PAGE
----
By Tim Tayag
Slightly disgruntled UNO contributor risks life and limb to bring you a first-hand account of the parkour experience.
I got the most entertaining workout in decades. And it beats those typical physical fitness programs like body combat, hip-hop abs, and Cindy Kurleto’s Sensual Aerobics. (Whatever happened to her?)
When my editor asked me to try out this thing called “parkour,” I asked 3 questions: “Isn’t that dangerous?,” “Are UNO writers insured?,” and “Does this mean I get a salary increase for hazard pay?” My editor answered with a resounding “NO!” to all my questions, not surprisingly since I still haven’t even received my complimentary copy of this magazine that I write and risk my limb for (better to have a dangling preposition than a dangling appendage). But because of my undying loyalty to my editor and this glossy, I agreed to do it with the condition that I be given time to spend with my family before the ordeal and a bag of morphine for the aftermath.
If you’re not familiar with parkour, watch the opening scene of Casino Royale, wherein James Bond chases this guy (Sebastian Foucan) across shanties, a jungle, buildings, scaffoldings, elevators and other imposing obstacles. Parkour, which originated in France (hence the French sounding name), is the art of moving from point A to point B in the most efficient and quickest way, without the use of cars, skateboards, a credit card, or a Batman utility belt. You just use your God-given body to clear walls, trees, ledges, stairs, rocks, buses, security guards, mothers-in-law, ex-girlfriends who still owe you money, real estate agents handing out flyers and whatever gets in your way.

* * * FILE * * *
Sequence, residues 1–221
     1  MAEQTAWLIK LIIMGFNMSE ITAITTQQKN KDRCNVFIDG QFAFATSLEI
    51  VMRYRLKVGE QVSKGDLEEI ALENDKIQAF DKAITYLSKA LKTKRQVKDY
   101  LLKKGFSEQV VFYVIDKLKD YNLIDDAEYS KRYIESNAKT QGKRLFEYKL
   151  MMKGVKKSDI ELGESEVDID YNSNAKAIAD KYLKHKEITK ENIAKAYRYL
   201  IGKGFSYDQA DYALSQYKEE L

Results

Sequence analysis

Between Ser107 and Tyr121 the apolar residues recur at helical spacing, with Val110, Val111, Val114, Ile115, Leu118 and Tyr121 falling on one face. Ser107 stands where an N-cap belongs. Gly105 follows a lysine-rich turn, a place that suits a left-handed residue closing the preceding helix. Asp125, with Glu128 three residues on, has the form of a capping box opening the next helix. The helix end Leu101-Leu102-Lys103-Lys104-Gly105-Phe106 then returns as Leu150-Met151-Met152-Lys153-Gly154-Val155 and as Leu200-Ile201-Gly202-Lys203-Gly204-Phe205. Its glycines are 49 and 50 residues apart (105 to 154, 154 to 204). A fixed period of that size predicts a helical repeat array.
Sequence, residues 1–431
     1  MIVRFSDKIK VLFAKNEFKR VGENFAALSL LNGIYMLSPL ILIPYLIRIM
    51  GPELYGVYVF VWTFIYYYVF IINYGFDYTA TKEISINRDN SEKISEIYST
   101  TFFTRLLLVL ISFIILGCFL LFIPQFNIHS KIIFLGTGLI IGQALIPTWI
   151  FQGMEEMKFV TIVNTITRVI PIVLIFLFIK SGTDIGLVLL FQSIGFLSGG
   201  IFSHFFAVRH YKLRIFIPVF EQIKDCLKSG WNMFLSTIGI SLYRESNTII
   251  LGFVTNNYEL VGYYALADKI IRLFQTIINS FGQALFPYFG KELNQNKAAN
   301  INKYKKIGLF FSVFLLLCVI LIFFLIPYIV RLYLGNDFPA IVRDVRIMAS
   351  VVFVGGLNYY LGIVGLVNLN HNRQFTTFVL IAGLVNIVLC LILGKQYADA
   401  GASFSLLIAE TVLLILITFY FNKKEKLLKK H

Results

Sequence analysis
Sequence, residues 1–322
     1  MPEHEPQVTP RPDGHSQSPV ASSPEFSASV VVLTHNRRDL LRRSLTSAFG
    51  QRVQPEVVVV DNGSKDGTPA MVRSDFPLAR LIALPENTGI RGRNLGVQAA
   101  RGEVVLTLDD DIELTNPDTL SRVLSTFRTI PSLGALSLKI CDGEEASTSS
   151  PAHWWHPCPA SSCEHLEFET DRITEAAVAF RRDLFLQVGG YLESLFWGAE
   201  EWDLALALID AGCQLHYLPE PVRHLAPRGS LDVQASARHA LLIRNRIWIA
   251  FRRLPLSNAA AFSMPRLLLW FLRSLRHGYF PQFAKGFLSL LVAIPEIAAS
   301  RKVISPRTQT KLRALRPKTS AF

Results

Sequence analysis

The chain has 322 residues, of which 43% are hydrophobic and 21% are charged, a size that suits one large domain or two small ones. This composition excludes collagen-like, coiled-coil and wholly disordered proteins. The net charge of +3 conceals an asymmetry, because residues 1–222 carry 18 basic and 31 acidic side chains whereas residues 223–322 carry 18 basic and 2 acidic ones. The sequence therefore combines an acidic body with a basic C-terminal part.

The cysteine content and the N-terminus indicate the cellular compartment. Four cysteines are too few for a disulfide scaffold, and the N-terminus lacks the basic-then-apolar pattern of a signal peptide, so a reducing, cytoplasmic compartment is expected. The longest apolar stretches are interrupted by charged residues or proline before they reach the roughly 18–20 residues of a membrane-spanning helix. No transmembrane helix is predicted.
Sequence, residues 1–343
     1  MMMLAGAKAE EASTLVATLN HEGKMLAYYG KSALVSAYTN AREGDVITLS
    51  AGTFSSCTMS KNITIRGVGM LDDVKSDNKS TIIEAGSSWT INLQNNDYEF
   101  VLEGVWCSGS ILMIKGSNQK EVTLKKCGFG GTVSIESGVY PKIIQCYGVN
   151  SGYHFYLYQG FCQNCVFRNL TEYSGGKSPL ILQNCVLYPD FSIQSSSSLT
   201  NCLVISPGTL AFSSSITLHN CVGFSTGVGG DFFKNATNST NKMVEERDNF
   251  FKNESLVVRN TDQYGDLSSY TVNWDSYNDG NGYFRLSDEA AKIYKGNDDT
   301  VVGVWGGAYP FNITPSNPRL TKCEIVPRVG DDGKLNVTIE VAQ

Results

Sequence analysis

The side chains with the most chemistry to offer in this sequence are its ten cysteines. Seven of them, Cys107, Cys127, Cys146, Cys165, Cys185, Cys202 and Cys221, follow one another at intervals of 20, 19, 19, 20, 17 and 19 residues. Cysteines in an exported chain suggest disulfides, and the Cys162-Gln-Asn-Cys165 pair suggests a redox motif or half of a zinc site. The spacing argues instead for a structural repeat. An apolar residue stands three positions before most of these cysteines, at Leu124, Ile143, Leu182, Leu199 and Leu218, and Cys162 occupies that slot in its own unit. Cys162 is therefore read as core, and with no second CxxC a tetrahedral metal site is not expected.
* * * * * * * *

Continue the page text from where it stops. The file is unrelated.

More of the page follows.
As serendipity would have it, I happen to know one of the members of Parkour Philippines, which saved me a trip to France (once again, saving UNO from expenses). I set up an appointment with Alvin Teng, one of the more outspoken “traceurs” (the term for parkour practitioners), and he was more than willing to oblige since he owed me for some romantic favors (that’s another story I won’t get into at this time). So I met Alvin and the Chipmunks (I say that endearingly since they have the same leaping abilities and agility of these critters) on an early Saturday morning, at least by my standards. He introduced me to some of the members of Parkour Philippines—Bruno, Macky, Dead Zombie Guy, and the rest.
The first thing I noticed was how much the group emphasized the fundamentals and safety. The second thing I observed was the impressive number of joggers, Thai kickboxers, aerobicisers, and beauty pageant contestants at Quezon City Memorial Circle at such an ungodly hour. The group started out with a quick run followed by some stretching, which already broke me into a sweat and some internal cursing audible only to my supplemental cameraman Mihk, a fellow slightly disgruntled UNO contributor.
The initial parkour drill we executed was the quadrupedal movement, which is like horizontal wall climbing. Basically, you walk with your feet and hands while trying to keep your butt low to the ground so that your center of gravity is lower. This exercise is easier said than done as I felt the soreness of my hamstrings and butt for the next couple of days. This quadrupedal move is useful for balancing your body when you have to cross narrow paths such as ledges, bars, a successful comeback in showbiz, and prison fences.